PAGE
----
Leaders of a historically white Baptist peacemaking group are calling on white members to stand in solidarity with African Americans in condemning police violence against people of color in the United States.
Board members of the Baptist Peace Fellowship of North America ~ Bautistas por la Paz released a statement Oct. 4 urging white members to join the Movement for Black Lives, a collective of groups working to fight against white supremacy and end systemic oppression in the United States and around the world.
The statement said BPFNA leaders felt compelled to speak out after the most recent fatal police shootings of 13-year-old Tyre King in Columbus, Ohio; 40-year-old Terence Crutcher in Tulsa, Okla.; and 43-year-old Keith Lamont Scott in Charlotte, N.C., the city where the offices of the peace group started in 1984 are based.
“As an organization committed to peace rooted in justice, BPFNA ~ Bautistas por la Paz has worked for many years to uncover systems of injustice in our midst,” the statement said. “At this moment in history, we are called as people of faith to work against racial injustice in all its forms. Specifically, we are called to condemn the epidemic of police violence against black and brown people in the United States.”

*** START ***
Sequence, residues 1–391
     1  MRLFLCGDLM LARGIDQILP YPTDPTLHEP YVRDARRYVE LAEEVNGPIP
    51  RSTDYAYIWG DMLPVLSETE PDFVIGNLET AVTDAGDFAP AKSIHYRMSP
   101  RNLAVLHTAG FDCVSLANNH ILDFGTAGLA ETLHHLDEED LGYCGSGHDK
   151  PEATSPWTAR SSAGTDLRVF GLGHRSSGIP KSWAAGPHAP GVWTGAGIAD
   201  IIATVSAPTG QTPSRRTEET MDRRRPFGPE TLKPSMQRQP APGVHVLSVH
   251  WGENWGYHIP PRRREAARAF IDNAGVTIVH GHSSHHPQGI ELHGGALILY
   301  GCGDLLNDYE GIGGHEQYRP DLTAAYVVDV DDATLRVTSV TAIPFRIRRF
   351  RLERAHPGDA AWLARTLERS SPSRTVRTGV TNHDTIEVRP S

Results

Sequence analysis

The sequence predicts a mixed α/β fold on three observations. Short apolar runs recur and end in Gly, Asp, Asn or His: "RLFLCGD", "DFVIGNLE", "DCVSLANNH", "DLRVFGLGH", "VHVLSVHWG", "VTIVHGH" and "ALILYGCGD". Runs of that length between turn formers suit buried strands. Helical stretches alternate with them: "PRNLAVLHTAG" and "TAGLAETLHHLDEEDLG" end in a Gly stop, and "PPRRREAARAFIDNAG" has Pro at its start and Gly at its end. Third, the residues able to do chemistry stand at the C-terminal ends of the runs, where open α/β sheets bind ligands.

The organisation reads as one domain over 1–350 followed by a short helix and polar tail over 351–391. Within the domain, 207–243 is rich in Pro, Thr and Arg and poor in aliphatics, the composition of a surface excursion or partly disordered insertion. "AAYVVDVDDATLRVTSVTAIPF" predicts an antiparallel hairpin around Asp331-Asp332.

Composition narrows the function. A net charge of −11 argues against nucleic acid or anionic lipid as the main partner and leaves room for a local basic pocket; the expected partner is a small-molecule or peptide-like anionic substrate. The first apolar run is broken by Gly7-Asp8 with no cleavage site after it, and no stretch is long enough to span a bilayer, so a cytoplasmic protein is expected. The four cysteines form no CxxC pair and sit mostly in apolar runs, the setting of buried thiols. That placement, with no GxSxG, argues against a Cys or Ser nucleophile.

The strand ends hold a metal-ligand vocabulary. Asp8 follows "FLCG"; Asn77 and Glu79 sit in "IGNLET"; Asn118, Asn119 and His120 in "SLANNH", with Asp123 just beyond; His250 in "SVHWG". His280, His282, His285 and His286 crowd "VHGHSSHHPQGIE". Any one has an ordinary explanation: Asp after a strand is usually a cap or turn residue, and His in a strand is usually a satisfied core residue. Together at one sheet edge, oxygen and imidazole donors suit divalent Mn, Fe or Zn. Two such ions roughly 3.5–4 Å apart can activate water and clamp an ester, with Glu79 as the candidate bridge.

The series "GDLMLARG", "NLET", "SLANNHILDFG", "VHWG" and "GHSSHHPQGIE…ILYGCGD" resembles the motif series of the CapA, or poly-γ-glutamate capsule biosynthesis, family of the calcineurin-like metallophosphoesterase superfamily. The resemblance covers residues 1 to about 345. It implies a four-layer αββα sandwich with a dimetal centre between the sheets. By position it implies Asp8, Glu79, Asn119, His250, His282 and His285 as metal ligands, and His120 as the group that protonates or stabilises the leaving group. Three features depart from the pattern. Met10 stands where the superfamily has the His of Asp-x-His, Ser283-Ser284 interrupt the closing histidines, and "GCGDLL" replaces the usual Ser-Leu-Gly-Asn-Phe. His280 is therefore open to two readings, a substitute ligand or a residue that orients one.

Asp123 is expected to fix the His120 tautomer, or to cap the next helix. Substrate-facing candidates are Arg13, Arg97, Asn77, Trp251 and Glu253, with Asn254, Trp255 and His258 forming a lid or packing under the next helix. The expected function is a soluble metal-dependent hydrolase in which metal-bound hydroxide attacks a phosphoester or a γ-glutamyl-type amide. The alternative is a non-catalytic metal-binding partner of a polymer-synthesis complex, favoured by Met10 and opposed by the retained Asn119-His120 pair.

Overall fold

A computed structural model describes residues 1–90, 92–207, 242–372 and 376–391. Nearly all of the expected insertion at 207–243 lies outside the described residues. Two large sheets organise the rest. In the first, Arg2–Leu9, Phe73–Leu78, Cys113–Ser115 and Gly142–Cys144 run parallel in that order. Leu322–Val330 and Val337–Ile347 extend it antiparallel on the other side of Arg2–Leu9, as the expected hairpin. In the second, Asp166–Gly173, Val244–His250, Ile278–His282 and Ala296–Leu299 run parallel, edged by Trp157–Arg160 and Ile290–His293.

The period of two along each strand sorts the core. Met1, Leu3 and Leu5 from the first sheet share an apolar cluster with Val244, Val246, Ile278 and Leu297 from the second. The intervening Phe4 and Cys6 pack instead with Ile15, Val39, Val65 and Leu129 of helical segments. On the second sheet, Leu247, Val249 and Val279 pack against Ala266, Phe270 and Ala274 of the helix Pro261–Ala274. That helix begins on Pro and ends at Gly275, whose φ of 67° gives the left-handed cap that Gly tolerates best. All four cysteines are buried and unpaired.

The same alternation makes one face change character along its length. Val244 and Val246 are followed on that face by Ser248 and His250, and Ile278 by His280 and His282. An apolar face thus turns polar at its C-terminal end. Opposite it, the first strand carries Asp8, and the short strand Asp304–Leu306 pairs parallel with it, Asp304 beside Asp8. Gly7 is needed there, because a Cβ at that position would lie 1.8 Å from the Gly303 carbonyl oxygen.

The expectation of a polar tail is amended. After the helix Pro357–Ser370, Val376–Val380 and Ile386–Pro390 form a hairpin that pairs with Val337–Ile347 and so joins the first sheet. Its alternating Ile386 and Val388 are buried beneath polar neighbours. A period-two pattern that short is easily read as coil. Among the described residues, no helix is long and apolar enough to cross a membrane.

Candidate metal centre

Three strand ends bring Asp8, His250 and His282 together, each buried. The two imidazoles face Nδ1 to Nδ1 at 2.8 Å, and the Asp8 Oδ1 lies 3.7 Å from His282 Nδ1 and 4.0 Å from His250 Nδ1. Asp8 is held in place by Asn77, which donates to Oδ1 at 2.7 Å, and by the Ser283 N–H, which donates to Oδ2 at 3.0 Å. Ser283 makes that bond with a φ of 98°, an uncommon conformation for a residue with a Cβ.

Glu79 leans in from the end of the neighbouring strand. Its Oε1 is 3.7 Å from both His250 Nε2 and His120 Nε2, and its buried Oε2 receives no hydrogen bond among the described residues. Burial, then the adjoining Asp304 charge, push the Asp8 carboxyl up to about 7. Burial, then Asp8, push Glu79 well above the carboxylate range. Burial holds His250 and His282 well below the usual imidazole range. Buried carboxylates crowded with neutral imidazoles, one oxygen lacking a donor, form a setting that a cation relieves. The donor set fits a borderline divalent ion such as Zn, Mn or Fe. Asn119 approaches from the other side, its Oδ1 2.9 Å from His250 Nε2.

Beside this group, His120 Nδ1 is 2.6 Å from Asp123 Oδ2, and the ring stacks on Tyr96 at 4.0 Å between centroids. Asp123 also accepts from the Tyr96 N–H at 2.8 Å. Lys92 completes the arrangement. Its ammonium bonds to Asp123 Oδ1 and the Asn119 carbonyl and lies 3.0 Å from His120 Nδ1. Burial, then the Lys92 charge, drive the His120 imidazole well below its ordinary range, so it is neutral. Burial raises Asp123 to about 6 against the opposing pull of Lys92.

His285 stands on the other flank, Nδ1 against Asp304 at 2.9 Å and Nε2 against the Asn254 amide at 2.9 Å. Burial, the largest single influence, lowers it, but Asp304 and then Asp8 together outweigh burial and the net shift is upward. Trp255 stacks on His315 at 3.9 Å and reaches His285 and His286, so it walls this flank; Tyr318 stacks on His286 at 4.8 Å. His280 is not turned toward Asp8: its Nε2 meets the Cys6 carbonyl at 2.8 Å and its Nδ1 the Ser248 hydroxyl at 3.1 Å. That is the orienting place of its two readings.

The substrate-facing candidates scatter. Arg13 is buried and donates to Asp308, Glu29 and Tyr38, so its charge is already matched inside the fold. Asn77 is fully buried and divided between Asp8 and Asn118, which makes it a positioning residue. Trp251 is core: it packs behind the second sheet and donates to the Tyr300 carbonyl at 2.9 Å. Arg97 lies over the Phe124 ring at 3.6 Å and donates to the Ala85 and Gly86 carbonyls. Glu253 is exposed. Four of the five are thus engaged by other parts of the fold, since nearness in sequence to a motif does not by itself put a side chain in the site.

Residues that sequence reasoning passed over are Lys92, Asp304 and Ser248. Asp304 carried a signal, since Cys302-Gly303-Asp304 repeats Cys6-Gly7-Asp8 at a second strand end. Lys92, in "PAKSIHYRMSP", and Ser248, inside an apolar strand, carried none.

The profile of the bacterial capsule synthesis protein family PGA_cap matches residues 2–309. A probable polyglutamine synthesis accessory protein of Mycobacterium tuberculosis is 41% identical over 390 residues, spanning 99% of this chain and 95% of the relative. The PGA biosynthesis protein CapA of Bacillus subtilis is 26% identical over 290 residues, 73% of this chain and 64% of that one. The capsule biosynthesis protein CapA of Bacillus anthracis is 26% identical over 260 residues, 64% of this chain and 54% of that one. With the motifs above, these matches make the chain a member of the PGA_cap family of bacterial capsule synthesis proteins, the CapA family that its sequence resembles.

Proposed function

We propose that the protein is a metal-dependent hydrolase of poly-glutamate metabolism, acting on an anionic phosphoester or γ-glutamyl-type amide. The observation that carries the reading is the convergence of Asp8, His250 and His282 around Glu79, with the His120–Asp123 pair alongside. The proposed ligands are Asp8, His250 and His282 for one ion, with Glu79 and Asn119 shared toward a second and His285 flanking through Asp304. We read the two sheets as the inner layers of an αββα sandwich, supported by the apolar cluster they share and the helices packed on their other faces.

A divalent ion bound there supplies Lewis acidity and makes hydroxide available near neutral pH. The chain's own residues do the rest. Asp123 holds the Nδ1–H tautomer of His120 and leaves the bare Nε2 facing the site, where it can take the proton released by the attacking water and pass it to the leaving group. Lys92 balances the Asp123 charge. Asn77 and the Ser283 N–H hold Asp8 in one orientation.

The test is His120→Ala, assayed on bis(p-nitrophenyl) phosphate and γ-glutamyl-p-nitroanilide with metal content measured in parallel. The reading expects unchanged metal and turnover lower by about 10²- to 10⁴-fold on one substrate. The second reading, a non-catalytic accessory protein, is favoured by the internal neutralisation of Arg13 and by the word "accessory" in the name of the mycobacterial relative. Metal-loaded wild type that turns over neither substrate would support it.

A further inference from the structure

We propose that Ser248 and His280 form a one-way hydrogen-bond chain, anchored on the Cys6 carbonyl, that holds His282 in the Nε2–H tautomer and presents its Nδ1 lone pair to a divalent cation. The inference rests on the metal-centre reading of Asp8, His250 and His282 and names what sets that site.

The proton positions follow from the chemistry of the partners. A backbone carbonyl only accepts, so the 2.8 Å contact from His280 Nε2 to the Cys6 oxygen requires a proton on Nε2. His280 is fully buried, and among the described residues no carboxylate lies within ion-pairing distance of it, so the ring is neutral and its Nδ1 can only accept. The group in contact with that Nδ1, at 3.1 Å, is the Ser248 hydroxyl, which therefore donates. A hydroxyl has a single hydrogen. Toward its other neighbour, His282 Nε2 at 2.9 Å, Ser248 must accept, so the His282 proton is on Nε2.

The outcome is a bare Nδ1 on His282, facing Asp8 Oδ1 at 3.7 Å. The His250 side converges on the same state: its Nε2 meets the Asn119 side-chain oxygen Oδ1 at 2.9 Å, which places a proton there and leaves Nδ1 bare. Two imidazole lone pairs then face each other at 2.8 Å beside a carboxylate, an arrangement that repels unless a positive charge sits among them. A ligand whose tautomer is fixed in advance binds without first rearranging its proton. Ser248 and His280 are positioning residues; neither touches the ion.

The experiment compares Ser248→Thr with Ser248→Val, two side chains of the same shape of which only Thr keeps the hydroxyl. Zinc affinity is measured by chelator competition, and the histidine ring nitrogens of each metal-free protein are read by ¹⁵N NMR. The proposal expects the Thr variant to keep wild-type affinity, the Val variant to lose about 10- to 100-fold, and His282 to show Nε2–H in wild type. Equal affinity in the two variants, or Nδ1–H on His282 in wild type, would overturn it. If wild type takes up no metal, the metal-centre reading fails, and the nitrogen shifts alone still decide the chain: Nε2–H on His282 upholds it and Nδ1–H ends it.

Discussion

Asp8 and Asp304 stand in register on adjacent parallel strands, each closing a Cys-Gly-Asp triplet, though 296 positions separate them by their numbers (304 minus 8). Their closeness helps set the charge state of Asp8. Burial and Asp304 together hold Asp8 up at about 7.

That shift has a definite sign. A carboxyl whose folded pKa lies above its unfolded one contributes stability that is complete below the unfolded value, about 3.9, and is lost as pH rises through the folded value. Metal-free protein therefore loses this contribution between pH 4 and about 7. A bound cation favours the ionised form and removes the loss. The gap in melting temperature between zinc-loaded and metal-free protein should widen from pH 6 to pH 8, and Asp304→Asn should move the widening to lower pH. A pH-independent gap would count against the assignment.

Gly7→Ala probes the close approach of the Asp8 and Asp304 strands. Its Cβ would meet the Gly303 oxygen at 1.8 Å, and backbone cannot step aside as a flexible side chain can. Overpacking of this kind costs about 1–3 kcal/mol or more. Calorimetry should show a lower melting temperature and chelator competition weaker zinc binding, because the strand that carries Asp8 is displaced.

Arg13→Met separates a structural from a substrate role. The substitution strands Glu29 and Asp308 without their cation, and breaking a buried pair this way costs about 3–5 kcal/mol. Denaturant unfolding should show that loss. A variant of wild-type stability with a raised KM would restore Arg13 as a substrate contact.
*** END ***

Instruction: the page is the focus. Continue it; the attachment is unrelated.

The BPFNA Working Group to Center Black Lives in Pursuit of Racial Justice released a statement Sept. 21 voicing solidarity with Black Lives Matter, a largely African American-led movement protesting violence against African-American males. It was founded in 2013 after the neighborhood watch volunteer George Zimmerman was acquitted in the shooting death of African-American teenager Trayvon Martin inside a gated community in Sanford, Fla., in February 2012.
”We know from experience that following Jesus in the path of peace rooted in justice calls us to risk, to sacrifice and sometimes to make challenging choices in our daily lives,” said the statement by the BPFNA board Oct. 4. “We embrace this reality, and as an historically white organization, we strive to offer timely resources for our white members to learn and grow in an understanding of how they can be in solidarity with people of color.”
BPFNA leaders said a set of resources developed by the Catalyst Project in response to the uprising in Ferguson, Mo., following the death of Michael Brown — an unarmed black teenager shot and killed on Aug. 9, 2014, by a white police officer — are “sadly, still relevant.” They recommended in particular the curricula for Engaging White People for this Movement Moment.
“An immediate way to offer support individually is to donate to organizations in the places where these killings happened — support people as they demand accountability,” the BPFNA board said.
The work group compiled a list of action items like contacting legislators and supporting black-owned businesses.
“We as an organization have been offering and will continue to offer resources, training and opportunities for all our members to deepen understanding and commitment,” BPFNA leaders said. “And we pledge to be active supporters to our members as they live out this call in their own lives and their own congregations and communities.”